Business Overview

This is a unique roll-off dumpster business located in Western Florida. The business was established in January 2018 by the current owner as an established franchise with 5 exclusive territories.. In addition to Naples, the company does business in the Marco area and Fort Meyers. There are three undeveloped territories included in the sale.. The business operates with 2 full time employees, including the owner. The owner recently replaced an operations manager and is focused on growing the Company and recovering from a drop in Sales due to economic impact of COVID. The other employee is paid $52,000.00 per year plus an annual bonus of $3,500.00 that increases $500.00 per year. This Employee is being groomed for management and is very capable of handling day to day operations. The owner is willing to stay on for an extended transition. There is tremendous opportunity for expansion. The business prides itself on excellent service and competitive pricing. Th equipment consists of 2 tandem axel trucks; 53 dumpsters – 18 30-yard, 4 10-yard and 31 20-yard dumpsters. In addition, they have all the additional and miscellaneous equipment to operate the business. The owner indicated that his current equipment could produce income of approximately $1,400,000.00 annually. All equipment was purchased new in the last 3 1/2 years.


  • Asking Price: $1,130,000
  • Cash Flow: $160,000
  • Gross Revenue: $575,000
  • FF&E: $840,000
  • Inventory: N/A
  • Inventory Included: N/A
  • Established: 2018

Detailed Information

  • Property Owned or Leased:N/A
  • Property Included:N/A
  • Building Square Footage:N/A
  • Lot Size:N/A
  • Total Number of Employees:2
  • Furniture, Fixtures and Equipment:N/A
About The Facility:

The business occupies ¼ acre in Naples and ¼ acre in Fort Meyers. Gross Rents total approximately $2,100 per month.

Additional Info

The venture was established in 2018, making the business 4 years old.

Why is the Current Owner Selling The Business?

There are all kinds of reasons why individuals resolve to sell operating businesses. Nonetheless, the real reason and the one they say to you might be 2 entirely different things. For instance, they might state "I have too many various commitments" or "I am retiring". For numerous sellers, these reasons are valid. But also, for some, these may simply be reasons to try to hide the reality of changing demographics, increased competition, recent reduction in profits, or an array of various other factors. This is why it is extremely essential that you not depend entirely on a seller's word, yet instead, use the seller's response combined with your general due diligence. This will repaint an extra practical image of the business's current circumstance.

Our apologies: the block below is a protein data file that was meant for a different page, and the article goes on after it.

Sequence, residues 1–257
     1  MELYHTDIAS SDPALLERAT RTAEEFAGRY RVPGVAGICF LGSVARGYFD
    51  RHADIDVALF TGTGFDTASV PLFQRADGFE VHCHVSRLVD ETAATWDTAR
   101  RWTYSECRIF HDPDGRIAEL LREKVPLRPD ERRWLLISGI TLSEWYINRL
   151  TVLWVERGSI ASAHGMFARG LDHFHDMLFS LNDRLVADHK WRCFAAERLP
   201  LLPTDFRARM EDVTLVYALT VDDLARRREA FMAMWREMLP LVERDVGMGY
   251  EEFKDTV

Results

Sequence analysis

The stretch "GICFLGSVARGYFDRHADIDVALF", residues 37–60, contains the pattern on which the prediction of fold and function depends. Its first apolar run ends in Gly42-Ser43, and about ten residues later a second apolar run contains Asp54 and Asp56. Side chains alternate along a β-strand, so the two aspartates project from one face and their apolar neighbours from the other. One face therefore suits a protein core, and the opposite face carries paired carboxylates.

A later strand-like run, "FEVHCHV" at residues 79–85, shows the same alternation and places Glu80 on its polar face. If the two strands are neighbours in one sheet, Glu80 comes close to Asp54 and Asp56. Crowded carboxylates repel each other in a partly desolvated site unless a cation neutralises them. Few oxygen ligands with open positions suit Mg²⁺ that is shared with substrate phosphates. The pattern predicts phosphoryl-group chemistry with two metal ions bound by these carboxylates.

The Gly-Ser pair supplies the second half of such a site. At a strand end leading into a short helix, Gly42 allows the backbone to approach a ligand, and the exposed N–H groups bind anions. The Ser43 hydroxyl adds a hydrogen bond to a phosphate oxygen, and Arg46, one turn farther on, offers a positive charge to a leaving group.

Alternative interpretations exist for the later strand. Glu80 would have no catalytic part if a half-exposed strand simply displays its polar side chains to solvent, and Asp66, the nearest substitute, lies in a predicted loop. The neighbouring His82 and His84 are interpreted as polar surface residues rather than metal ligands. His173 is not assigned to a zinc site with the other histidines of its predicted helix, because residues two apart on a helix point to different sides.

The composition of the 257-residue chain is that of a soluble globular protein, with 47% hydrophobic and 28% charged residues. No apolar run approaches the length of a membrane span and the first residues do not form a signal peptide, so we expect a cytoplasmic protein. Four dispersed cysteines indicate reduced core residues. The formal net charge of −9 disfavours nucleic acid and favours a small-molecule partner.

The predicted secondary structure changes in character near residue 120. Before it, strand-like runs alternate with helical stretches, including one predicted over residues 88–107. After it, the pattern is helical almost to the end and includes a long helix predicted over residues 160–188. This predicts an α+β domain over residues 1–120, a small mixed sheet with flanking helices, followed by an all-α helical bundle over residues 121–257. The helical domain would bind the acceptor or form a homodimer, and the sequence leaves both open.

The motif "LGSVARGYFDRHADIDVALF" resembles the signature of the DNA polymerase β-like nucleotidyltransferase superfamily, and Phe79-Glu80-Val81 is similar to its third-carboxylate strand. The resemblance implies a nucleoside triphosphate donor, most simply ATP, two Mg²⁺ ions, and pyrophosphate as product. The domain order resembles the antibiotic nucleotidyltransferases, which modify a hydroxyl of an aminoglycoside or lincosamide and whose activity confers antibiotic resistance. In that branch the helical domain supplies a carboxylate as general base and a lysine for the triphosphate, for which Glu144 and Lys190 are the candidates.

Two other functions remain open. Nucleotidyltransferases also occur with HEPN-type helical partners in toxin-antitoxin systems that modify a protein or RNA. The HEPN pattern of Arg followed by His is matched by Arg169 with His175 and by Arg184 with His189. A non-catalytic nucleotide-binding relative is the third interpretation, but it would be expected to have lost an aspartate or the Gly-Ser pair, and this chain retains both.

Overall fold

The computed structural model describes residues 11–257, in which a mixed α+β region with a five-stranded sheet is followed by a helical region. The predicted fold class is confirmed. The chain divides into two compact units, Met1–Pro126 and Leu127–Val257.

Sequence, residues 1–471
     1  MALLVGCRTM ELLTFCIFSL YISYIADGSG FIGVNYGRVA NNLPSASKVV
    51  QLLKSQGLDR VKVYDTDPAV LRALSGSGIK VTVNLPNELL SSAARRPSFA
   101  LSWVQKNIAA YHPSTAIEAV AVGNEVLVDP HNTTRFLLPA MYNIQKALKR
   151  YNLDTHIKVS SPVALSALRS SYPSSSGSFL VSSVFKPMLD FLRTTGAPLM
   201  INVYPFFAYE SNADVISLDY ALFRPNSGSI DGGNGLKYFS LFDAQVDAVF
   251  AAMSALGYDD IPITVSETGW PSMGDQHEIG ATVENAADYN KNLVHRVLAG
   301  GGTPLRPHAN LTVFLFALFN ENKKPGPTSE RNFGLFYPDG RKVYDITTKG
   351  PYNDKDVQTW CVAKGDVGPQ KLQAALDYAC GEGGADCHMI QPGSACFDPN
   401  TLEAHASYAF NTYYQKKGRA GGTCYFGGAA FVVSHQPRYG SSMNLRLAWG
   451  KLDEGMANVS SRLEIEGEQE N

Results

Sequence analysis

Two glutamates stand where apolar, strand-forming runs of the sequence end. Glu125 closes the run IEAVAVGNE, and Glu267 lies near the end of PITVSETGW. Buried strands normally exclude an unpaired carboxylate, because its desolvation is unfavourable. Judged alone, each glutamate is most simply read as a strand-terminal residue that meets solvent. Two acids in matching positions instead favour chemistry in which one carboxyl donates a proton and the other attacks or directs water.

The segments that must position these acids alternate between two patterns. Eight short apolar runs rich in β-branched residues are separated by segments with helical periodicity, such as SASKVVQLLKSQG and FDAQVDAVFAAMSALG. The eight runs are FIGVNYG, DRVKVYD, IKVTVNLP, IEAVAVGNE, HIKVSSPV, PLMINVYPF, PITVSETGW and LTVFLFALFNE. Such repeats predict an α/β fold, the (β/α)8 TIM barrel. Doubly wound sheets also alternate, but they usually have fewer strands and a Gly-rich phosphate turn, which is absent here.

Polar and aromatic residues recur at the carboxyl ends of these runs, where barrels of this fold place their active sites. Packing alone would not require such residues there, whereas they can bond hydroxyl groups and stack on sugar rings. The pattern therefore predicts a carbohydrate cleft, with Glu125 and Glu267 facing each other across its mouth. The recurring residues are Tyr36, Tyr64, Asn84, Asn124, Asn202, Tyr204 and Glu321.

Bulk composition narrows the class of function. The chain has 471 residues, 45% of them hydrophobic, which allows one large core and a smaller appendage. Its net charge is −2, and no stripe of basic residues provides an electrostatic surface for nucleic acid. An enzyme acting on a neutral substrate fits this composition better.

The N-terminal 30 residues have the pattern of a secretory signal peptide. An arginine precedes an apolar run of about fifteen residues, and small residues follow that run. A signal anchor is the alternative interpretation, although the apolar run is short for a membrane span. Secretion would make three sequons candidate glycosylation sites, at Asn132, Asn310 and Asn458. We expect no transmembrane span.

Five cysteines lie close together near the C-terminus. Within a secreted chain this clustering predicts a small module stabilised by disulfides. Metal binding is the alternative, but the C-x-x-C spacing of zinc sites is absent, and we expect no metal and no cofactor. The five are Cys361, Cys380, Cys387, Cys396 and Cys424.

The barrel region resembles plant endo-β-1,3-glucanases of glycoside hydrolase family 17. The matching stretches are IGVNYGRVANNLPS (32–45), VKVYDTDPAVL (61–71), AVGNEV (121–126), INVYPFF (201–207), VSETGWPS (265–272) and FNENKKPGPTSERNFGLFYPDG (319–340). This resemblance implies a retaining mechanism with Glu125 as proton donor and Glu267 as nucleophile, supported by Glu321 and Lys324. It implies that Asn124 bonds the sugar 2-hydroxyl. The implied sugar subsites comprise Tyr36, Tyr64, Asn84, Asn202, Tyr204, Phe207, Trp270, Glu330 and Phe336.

Existing Debts and Future Obligations

If the existing company is in debt, which many businesses are, then you will certainly have reason to consider this when valuating/preparing your deal. Lots of businesses finance loans in order to cover things like inventory, payroll, accounts payable, and so on. Remember that in some cases this can indicate that revenue margins are too thin. Lots of businesses fall under a revolving door of taking loans as a way to pay back other loans. Along with debts, there may likewise be future obligations to consider. There may be an outstanding lease on equipment or the building where the business resides. The business may have existing agreements with suppliers that must be met or may lead to charges if terminated early.

Understanding the Customer Base, Competition and Area Demographics

Just how do businesses in the location bring in brand-new clients? Many times, companies have repeat customers, which develop the core of their daily earnings. Particular aspects such as brand-new competition sprouting up around the area, road building and construction, and personnel turn over can affect repeat consumers and adversely impact future profits. One essential point to take into consideration is the placement of the business. Is it in a very trafficked shopping center, or is it concealed from the highway? Certainly, the more individuals that see the business regularly, the greater the chance to build a returning customer base. A last idea is the general area demographics. Is the business situated in a largely populated city, or is it located on the edge of town? How might the regional typical family income effect future earnings potential?